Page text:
Pots, Planters & Statuary: What’s Next in Containers
Pots, Planters & Statuary: What’s Next in Containers By Mackenzie Gaffney

How to decide if you should focus on heavier concrete, ceramic or stoneware on the new, lighter weight materials.

From what I can gather, making a decision between the lighter weight materials and the heavier ceramic, plaster and such is not really the main concern when it comes to consumers choosing pots, planters and statuary. As discouraging as it is, the reality is that, as with so many other things in today’s society, price is what dictates the purchase. To equate the heavier materials with high quality and price and the lighter weight materials with low quality and price (and therefore undesireable) is inaccurate. Stoneware pots are often cheaper than some of the high-tech “foam” pots. So in a category that seems upside down, how do you know which materials to stock?

Container Trends

Working for BWI Co. in Greer, S.C., division sales manager Gerry Kolb has had the opportunity to observe the trends in the container industry in his part of the country. “If you look at the urban gardener setting, like patios, condos and decks,” said Kolb, “those folks are not looking for containers that they will need to drag up the elevator or stairs. Garden centers in Alabama are building containers made of only shrubs.” A shrub container, something that would remain outside and truly blend into the landscape, would be ideal for urban dwellers wanting to achieve a more natural setting.

“What we are seeing as general trends from the nursery centers are a lot more color containers, as opposed to black, and more logs and specialty items,” said Gene Brogdon, Southeastern sales-territorial manager, of Nursery Supplies, Inc. “Many of our customers are trying to branch out and get into more specific, more value-added products, more branding — a trend that I think we are going to see more of in years to come.” Garden centers are even starting to see pot manufacturers try to brand themselves, a la New England with its specialized fixtures and POP.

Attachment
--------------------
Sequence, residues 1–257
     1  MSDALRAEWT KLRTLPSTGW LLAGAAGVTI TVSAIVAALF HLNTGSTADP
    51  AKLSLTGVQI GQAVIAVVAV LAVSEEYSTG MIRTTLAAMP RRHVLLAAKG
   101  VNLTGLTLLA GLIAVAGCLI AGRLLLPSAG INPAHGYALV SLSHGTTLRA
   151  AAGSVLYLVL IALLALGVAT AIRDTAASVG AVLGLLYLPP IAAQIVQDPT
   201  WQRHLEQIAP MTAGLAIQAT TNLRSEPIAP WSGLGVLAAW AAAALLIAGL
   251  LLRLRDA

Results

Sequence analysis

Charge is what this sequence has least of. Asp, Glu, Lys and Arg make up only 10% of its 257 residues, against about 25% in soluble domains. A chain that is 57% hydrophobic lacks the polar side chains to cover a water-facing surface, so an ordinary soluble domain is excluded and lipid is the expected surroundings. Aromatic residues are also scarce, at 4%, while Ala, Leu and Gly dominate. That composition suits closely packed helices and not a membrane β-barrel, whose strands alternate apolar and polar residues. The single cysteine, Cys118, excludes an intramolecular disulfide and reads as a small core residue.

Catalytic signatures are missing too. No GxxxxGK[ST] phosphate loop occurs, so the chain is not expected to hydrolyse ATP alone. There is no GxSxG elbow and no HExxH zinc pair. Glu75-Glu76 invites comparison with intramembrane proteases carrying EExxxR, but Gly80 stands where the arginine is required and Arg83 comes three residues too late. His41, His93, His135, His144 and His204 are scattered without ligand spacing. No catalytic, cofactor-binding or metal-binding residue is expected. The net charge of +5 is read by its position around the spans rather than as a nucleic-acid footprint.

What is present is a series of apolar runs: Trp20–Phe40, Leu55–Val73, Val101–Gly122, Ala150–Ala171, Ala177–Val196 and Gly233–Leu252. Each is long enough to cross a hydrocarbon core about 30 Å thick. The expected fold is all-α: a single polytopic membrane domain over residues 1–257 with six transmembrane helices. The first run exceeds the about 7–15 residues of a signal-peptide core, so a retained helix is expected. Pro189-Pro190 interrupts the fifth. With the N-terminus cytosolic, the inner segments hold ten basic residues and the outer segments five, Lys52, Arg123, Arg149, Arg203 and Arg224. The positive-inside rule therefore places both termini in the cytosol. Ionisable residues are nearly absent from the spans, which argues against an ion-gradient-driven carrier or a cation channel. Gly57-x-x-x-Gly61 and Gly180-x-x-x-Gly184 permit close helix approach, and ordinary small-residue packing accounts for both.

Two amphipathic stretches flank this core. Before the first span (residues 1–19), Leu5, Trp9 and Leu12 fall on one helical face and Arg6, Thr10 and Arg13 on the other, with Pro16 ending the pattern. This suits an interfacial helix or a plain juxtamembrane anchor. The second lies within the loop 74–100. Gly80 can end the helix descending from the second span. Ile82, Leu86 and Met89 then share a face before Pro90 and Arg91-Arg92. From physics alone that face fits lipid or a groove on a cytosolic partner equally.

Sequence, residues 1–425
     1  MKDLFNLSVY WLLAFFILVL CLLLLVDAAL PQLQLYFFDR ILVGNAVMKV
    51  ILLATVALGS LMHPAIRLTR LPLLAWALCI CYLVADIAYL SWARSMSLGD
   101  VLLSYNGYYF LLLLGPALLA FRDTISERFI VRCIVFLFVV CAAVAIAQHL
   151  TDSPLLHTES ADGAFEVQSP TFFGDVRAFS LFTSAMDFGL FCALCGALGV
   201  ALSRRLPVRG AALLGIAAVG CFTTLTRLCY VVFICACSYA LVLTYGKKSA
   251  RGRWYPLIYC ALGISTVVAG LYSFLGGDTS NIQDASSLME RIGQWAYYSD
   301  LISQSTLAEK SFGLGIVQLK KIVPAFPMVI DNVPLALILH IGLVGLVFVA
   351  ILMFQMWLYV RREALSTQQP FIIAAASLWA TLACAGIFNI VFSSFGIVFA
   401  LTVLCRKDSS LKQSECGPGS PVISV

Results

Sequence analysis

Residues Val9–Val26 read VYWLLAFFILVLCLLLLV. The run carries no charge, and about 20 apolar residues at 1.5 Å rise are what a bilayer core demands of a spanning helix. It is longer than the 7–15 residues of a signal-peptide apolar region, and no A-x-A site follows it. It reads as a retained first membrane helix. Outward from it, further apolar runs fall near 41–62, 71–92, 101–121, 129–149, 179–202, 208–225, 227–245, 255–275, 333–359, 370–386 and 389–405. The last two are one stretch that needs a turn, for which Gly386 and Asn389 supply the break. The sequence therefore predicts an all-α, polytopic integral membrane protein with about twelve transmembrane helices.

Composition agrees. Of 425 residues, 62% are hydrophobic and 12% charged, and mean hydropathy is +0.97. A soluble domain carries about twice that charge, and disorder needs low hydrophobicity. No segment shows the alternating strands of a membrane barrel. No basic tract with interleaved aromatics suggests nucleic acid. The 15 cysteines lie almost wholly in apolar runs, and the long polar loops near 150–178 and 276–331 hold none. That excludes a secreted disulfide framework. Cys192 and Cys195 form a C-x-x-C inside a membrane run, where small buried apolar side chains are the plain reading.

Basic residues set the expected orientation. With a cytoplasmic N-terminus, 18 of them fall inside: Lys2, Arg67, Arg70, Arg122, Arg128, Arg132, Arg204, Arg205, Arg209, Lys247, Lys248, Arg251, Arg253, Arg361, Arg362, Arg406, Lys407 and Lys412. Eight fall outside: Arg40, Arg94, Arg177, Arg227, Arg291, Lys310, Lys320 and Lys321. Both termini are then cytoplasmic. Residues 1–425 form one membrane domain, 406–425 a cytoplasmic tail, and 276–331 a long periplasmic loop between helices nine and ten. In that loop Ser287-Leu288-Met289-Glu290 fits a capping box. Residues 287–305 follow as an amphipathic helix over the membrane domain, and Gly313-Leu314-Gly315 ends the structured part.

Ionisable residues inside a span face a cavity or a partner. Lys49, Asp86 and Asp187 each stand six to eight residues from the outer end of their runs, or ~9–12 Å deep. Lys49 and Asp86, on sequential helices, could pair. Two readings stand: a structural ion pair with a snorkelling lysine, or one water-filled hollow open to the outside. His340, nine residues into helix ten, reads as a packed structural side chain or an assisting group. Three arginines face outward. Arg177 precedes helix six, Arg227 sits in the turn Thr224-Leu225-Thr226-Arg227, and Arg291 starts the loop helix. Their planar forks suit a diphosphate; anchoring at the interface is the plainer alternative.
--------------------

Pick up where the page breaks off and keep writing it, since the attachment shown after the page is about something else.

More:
But the real revolution in containers has come in materials. The former standard barer in pottery, terra cotta, is loosing substantial ground to more upscale ceramics, imported pottery and high-tech “foams.” This last group, probably the most exciting, is revolutionizing the way we think about containers. Faux is in, and in big. The newest resin, styrin and foam containers have been colored, formed and finished to look exactly like their terra cotta and ceramic counterparts, and it’s often hard to tell the two apart until you actually touch them. Quality like this doesn’t come cheap, and the prices on the best new faux containers often rival that of glazed pottery. What’s better is that women love the new faux pots because they are so much lighter and easier to move.

Time Investment

Independent garden centers, like any business, never have enough time to do everything they would like to upkeep their facility. The same goes for their consumers who don’t have the time to do as much gardening as they would like. In essence, neither one has the time to wash down all their pots and keep them clean of dirt, scum or algae, so using lighter weight materials is not only a convenience in weight or money, but also in the care and maintenance of their outdoor living area.

“For higher-end houses of mid-America, part of [container purchasing] is price point and part is maintenance,” Kolb said. “Can they hose it off, scrub it — typical dust and dirt can be hosed off, but on ceramics the ultraviolet light works on them and the shine gets dull.” Perhaps consumers are selecting containers based on their own experience of what they will be able to keep clean and what will ensure a long-lasting high-quality appearance.

When it comes to their corporate accounts, manufacturers hear over and over that time is the key factor — what will stay clean the longest and take less time to clean when dirty. “The [containers] we are selling to [landscapers and shrubbery contracts] varies; some try to take the time to clean them and some don’t,” Brogdon said. “But I don’t really know of anyone who takes the extra time to do any extensive cleaning.”

Something for everyone

Instant gratification, a familiar topic in the lives of most Americans, gives rise to a growing market of container gardening. And container gardening is being supported not only by consumer popularity, but the manufacturers as well. Their constant search for new materials, glazes and shapes is a big part of the ongoing excitement of containers. Because of this, container gardening, unlike many trends, will always have its place in the gardening realm. As far as the debate goes for heavier and lighter weight materials, there seems to be a place for everything; the more choices and options concerning price point, availability and appearance, the more people will be able to achieve instant gratification.



Mackenzie Gaffney

Mackenzie Gaffney is associate editor for Lawn & Garden Retailer. She can be reached by phone at (847) 391-1013 or E-mail at [email protected]




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